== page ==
David Harrison, University of Cardiff. Disclaimer-tastic! User-centric vs organisation-centric, transcending boundaries. Users who want new things vs central services who want to control/support/secure. Primacy of the Acceptable Use Policy… Learning to relinquish sole responsibility. Practising safe IT, advice on usage. Safe IT event at student’s union. Identity control, lack of training in how to behave. IBM guidelines for blogging and so on. Roo Reynolds. Realms, a good breakdown of types and approaches to using blogs: Personal (but not corporate). Personal or group (work related). Group internet Presence (external collaboration in independent space). People are good at adapting to situation. Be supportive, not preventative. If you get in the way, you lose employees. Embracing work-life balance.
Monday, November 26th, 2007
A day of talks on the use of blogging in education, with live Second Life feed, web-cam and blog chatter… How very trans-literate! What follows is stream of consciousness:
Starting with some nice general overview from Brian Kelly, covering intro and general issues.
Next, Stephen Clarke, University of Birmingham. Managed blogging environments. Looking at risks. IT department risk aversion. Some blog comparisons: a poor institutional blog, erasmus blog and facebook abuse. Conclusions: good blog: safe, secure, reliable, controlled, acceptable use. Claims universities best places to hold these… Not something I’m convinced of, assumed university has technical quality, knowhow to provide quality web facility and that they have a right to control the student’s content. Why use a managed blog I cannot control, when I can join wordpress and have control? Plus copyright issues, who owns my content on a university blog? Overall negative view and lack of engagement with community.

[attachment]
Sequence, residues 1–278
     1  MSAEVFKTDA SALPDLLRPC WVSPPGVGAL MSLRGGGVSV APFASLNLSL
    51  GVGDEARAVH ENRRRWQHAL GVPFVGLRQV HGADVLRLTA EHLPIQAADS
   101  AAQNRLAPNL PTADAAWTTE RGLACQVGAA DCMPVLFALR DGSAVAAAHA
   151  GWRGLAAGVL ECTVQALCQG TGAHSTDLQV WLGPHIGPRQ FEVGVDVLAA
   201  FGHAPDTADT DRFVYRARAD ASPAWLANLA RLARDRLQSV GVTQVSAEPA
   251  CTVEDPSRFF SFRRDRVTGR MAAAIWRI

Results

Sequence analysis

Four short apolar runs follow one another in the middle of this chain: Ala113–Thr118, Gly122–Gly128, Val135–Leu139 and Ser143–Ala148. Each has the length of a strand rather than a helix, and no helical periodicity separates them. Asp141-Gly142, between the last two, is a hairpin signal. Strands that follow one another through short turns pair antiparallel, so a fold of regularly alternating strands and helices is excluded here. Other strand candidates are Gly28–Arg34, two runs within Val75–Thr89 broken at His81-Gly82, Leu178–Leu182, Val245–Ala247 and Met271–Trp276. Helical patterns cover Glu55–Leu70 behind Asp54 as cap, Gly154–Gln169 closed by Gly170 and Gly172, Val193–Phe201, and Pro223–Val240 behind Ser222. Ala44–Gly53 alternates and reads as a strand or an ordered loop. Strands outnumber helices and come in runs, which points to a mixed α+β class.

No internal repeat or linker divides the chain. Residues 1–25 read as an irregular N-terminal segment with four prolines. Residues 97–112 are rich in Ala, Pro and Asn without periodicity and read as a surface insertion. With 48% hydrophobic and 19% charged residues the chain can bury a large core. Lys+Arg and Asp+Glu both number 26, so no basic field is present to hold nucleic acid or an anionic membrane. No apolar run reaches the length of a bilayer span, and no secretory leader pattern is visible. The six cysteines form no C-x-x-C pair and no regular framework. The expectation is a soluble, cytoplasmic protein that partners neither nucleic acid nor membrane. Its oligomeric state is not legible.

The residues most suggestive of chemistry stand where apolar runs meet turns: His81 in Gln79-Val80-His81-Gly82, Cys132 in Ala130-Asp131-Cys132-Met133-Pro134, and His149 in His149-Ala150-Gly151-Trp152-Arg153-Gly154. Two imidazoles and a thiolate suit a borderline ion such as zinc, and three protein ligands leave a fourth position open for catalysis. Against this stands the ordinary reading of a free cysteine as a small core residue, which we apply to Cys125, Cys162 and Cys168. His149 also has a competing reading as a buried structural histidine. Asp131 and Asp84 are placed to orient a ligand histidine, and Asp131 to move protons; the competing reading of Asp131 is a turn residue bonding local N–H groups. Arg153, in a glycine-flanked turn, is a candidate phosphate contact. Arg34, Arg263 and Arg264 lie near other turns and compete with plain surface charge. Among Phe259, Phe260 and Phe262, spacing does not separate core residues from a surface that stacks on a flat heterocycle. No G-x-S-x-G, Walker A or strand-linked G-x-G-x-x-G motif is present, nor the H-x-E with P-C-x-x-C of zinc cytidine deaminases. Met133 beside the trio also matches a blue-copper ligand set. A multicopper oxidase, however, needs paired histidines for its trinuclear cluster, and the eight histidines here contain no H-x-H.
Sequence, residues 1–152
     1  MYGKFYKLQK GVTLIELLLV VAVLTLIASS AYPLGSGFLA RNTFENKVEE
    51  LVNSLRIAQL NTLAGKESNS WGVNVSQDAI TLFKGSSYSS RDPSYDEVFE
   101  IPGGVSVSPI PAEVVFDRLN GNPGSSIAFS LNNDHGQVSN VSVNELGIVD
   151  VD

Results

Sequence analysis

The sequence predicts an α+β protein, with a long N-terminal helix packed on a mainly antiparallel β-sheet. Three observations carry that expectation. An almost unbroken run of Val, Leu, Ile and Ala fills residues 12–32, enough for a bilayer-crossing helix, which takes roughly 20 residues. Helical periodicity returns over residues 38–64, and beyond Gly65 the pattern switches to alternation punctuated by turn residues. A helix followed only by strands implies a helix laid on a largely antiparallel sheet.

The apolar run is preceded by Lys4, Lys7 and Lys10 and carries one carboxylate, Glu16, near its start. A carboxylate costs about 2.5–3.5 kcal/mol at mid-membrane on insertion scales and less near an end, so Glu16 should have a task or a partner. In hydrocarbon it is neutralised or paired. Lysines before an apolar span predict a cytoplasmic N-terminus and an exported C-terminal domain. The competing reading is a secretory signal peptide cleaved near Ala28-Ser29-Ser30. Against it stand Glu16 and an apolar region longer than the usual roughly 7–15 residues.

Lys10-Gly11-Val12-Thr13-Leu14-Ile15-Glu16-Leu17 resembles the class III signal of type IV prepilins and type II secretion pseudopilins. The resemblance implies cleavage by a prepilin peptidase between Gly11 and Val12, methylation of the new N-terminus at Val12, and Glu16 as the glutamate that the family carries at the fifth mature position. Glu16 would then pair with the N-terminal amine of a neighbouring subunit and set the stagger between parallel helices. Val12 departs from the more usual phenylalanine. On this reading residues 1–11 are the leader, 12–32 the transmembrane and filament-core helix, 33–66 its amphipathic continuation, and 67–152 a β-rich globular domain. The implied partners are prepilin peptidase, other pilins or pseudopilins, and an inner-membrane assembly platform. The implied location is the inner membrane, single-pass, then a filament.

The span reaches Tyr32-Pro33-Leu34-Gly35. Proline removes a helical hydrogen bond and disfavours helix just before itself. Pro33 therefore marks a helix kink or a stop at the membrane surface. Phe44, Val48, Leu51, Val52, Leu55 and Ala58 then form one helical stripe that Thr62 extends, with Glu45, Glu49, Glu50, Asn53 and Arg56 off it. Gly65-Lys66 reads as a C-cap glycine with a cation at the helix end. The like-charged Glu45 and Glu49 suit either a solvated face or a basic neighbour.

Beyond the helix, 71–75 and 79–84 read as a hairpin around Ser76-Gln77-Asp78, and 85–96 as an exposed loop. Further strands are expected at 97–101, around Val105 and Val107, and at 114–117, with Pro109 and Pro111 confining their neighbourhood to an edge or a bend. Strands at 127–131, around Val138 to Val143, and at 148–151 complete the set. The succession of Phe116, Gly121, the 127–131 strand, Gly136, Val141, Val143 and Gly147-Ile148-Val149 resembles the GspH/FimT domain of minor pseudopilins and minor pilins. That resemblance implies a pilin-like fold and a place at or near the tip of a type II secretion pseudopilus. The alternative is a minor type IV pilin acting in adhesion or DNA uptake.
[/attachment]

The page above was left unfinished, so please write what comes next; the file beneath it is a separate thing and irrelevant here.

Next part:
Following on, Melissa Highton, University of Leeds. Using Elgg. Leeds University Values and how they marry up with Web 2. Wonderful Facebook community concept of “Lecturers should have their own entrance music”. Engagement with user groups. User research on management of information! “I know who knows”. Networking is already present, communities of practice, strong feeling of delineated zones, “student’s know the difference”. Feeling part of something an important aspect of the work. No promotion of the “better” content as promotional tool.
Alison Wildish, Edge Hill University. Aim to establish reputation online and off by word of mouth. No publicity is bad publicity? People will always talk, better you know what they’re saying… Blurring boundaries. Making it easy to contribute to social tools. “Use the tools that will compliment your teaching”, open approach. WordPress blogs, support environment, managing expectations, use for publicity, assistance. Use of external blogs, linked in to central site. Facebook integration of VLE and applications. Seen as just another channel. Appropriate use of technology. Not all good. Problems with false allegations made on Facebook. Used reporting tools. Quick response. Educate students! (and staff!) on managing an internet identity. Positive feedback: “bring back maturity … break down barriers between staff and students” Adopt use of APIs/aggregation, use tools to spread word. Netvibes-like university portal, though they do use lots of AJAX, which obviously will have implications for accessibility. Overall a very positive sounding approach with strong engagement with the real stakeholders.
Tom Milburn, The Student View. Behavior on Facebook is “leaving it on in the background”. 1400 freshers of 2000 in a Facebook group before at the University. Peer support, manage worries about appearing stupid to staff. 24hr, direct, informal contact, mentoring schemes. Usage for gaining survey responses for final year research. Problems with closed communication channels “not related to university”, difficult to deal with consequences of online actions. Used Facebook flyers to promote advice on security and identity management. 7000 flyers 160 clicks… Blogs less important, harder to find, lack of updates, harder “recruitment”.
Unsurprisingly, put in effort, get results. Don’t barge into other people’s social spaces.